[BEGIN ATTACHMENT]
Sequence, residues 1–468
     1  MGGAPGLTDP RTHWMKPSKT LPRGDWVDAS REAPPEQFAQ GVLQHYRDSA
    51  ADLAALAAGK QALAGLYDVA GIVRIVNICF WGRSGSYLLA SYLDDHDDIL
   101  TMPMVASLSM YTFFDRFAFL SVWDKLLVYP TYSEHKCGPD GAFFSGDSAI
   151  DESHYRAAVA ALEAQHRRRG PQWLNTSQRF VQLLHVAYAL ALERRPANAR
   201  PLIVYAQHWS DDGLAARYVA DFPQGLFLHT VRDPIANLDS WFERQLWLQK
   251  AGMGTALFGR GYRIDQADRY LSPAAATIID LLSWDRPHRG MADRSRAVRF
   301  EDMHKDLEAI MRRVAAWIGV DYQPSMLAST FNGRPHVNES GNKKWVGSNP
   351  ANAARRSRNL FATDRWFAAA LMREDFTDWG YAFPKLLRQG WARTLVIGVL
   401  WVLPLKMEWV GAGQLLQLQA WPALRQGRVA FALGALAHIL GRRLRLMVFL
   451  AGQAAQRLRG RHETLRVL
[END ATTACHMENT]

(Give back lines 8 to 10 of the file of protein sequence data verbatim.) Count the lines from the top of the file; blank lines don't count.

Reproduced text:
   301  EDMHKDLEAI MRRVAAWIGV DYQPSMLAST FNGRPHVNES GNKKWVGSNP
   351  ANAARRSRNL FATDRWFAAA LMREDFTDWG YAFPKLLRQG WARTLVIGVL
   401  WVLPLKMEWV GAGQLLQLQA WPALRQGRVA FALGALAHIL GRRLRLMVFL